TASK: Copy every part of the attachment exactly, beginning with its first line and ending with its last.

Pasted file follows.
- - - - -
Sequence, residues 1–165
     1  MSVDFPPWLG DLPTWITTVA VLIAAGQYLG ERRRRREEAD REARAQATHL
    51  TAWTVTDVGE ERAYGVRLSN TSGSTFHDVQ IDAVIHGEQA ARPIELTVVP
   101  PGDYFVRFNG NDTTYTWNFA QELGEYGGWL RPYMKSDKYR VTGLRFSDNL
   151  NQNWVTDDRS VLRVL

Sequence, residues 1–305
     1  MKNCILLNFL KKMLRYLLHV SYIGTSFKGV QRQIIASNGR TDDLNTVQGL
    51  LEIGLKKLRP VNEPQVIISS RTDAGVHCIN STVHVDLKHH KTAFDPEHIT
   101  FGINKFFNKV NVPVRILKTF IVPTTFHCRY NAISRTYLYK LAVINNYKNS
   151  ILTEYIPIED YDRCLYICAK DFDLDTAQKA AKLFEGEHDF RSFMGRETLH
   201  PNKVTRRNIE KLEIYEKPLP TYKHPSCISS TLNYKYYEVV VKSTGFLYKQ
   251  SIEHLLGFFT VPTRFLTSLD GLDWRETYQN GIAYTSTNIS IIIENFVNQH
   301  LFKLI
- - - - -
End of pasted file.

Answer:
Sequence, residues 1–165
     1  MSVDFPPWLG DLPTWITTVA VLIAAGQYLG ERRRRREEAD REARAQATHL
    51  TAWTVTDVGE ERAYGVRLSN TSGSTFHDVQ IDAVIHGEQA ARPIELTVVP
   101  PGDYFVRFNG NDTTYTWNFA QELGEYGGWL RPYMKSDKYR VTGLRFSDNL
   151  NQNWVTDDRS VLRVL

Sequence, residues 1–305
     1  MKNCILLNFL KKMLRYLLHV SYIGTSFKGV QRQIIASNGR TDDLNTVQGL
    51  LEIGLKKLRP VNEPQVIISS RTDAGVHCIN STVHVDLKHH KTAFDPEHIT
   101  FGINKFFNKV NVPVRILKTF IVPTTFHCRY NAISRTYLYK LAVINNYKNS
   151  ILTEYIPIED YDRCLYICAK DFDLDTAQKA AKLFEGEHDF RSFMGRETLH
   201  PNKVTRRNIE KLEIYEKPLP TYKHPSCISS TLNYKYYEVV VKSTGFLYKQ
   251  SIEHLLGFFT VPTRFLTSLD GLDWRETYQN GIAYTSTNIS IIIENFVNQH
   301  LFKLI